I can’t believe you have used your “theology” to justify saying the f-bomb. Jesus did not die on the cross so you could use the whole vocabulary of the English language. You should listen to Mr. Hannity’s theology, which has a tamer tongue. Like Jesus. Remember, you can say it’s okay to torture, kill and oppress, but if you say “bullshit” you are in danger of the fires of hell.

    shame on you, David.

  6. Seriously, forget Jon Stewart. Sean Hannity, fuck you. What a serious douchebag.

    Davin, you are full of skubala (Philippians 3:8) if your primary concern is the word “fuck” being used. Why not just post an apology for Hannity and his little quip advocating torture and Christianity? You clearly do not understand profanity outside of a victorian obsession with certain naughty words.

  7. Davin says:

    Colin,
    Why the personal attack? I’ve not attacked anyone here? I merely asked two questions that sparked this debate. I haven’t resorted to personal attacks. You don’t even know me. Why do feel that you have the right to attack me?

    By the way the word skubalon is not a vulgar word in Greek It seems as if you are trying to make it sound like Paul is using vulgarity in Philippians, but he isn’t. To be exact he is trying to shock his audience, and what he says if offensive, but it is not a vulgarity that he is using.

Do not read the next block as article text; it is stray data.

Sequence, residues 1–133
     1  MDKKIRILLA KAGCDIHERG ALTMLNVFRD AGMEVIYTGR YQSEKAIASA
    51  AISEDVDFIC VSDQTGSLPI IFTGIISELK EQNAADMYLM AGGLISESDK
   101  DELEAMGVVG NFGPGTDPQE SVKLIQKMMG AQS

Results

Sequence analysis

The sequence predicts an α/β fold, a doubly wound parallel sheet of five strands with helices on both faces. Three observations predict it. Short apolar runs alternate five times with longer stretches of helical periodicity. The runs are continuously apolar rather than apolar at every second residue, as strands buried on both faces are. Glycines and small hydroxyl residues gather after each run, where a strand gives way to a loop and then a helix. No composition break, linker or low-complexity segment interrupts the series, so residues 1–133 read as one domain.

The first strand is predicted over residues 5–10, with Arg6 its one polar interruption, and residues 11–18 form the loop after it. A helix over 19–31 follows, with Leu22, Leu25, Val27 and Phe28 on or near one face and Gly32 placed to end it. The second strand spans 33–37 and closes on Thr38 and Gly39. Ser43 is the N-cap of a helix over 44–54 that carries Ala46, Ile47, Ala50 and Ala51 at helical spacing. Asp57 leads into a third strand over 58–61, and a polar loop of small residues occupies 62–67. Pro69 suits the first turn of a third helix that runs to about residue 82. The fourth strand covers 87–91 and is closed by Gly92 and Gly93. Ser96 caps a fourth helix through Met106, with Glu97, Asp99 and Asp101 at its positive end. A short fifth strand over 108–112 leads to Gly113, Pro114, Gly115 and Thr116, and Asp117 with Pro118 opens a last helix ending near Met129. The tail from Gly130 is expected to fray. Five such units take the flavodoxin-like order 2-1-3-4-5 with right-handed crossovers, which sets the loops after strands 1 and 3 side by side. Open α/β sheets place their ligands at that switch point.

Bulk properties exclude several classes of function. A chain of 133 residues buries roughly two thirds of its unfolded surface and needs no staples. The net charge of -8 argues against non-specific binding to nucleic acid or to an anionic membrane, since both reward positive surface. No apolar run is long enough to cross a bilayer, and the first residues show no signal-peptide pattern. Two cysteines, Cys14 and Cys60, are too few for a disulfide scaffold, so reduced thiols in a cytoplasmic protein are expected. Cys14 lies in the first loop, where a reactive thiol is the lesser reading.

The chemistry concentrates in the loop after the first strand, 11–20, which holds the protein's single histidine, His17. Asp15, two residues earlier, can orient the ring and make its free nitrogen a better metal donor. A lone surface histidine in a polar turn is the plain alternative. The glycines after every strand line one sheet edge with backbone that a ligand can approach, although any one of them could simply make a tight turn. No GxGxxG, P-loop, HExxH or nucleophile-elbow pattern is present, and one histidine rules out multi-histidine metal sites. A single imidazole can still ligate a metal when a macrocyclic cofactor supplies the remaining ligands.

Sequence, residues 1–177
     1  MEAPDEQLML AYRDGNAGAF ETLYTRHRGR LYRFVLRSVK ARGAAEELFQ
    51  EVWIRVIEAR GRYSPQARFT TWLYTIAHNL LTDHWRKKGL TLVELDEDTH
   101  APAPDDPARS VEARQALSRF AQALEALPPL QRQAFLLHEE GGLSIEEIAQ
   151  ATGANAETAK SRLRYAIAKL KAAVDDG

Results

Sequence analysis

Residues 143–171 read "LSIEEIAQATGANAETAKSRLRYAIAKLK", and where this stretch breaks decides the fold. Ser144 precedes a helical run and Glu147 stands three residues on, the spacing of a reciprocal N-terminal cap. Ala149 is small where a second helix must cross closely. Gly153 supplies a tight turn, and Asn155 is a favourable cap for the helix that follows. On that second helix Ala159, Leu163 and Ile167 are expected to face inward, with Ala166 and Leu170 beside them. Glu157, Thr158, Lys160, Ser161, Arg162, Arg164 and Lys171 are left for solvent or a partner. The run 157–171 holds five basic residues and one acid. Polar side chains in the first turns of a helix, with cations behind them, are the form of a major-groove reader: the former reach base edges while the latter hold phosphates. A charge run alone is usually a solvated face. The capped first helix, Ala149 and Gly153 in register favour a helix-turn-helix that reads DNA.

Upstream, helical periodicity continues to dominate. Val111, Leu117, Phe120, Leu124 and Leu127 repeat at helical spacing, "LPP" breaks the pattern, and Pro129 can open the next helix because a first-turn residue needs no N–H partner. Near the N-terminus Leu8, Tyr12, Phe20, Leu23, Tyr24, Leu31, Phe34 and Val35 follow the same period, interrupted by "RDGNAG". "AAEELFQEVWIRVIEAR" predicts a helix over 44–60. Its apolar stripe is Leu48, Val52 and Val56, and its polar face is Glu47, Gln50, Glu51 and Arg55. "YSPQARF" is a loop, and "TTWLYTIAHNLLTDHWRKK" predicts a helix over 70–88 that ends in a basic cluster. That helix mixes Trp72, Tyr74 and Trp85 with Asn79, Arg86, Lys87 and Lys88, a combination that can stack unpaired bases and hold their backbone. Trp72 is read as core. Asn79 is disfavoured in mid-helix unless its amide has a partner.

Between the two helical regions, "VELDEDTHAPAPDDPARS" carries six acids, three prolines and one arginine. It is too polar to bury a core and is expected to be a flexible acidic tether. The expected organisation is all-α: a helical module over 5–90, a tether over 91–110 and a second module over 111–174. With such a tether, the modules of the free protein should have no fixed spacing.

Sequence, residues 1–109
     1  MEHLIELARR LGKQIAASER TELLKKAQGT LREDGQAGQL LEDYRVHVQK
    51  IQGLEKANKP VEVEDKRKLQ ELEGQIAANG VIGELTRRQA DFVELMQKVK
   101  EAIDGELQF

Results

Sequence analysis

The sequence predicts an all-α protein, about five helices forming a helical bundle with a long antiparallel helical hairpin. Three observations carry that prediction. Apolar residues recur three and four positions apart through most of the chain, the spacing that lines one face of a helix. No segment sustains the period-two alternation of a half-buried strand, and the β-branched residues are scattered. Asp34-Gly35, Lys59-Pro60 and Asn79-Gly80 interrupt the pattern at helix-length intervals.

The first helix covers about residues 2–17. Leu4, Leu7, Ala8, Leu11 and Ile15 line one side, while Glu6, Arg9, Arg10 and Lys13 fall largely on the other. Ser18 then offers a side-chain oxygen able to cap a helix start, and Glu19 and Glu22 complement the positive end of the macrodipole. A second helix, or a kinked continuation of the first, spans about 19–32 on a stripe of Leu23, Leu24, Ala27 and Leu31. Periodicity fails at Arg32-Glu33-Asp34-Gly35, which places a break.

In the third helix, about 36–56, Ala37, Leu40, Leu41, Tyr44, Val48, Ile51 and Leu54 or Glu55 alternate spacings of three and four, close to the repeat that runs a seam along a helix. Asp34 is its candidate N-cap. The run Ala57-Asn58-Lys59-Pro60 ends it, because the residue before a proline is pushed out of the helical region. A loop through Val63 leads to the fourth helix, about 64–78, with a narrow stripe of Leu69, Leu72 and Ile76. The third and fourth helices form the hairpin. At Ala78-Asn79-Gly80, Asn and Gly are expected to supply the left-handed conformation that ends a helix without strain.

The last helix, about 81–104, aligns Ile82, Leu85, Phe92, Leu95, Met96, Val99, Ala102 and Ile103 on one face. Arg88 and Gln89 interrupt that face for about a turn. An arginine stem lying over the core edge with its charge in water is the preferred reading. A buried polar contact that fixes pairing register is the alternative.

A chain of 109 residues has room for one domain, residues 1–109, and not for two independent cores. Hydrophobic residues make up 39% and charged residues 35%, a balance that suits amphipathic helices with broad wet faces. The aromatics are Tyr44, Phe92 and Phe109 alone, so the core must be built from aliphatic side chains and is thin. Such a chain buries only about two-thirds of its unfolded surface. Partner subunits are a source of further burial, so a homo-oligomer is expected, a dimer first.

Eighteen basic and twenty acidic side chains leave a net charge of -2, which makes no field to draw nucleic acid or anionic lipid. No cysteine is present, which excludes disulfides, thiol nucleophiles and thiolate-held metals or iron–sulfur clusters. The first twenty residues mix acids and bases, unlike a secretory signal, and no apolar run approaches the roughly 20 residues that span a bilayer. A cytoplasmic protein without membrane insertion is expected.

Finally, I don’t quite understand what you mean by “post an apology for Hannity”. If you are somehow thinking that I agree with Hannity’s view because I don’t think Christians should cuss each other out, then you’re way off target. In fact I have not stated my opinion on that subject at all in this exchange. I may or may not agree with him. That was not my point in making the post that I did. I was merely trying to point out what I believe to be an inconsistency in the message of this blog post, and an inconsistency with Christian life in general.

  8. This obsessive victorian policing, far form consistent with the Gospel, has done enough to distract us and obfuscate real discussion here. Only the bourgeois could have time for such pettiness and the luxury therein to dance around the real issues, meanwhile there are issues of grave concern, bare lives exposed to the state of exception that our media machine continually propagandizes. Can we move forward by maybe not focusing on Hannity as much as unearthing some of the deep assumptions around the discourse on torture that make it seem necessary?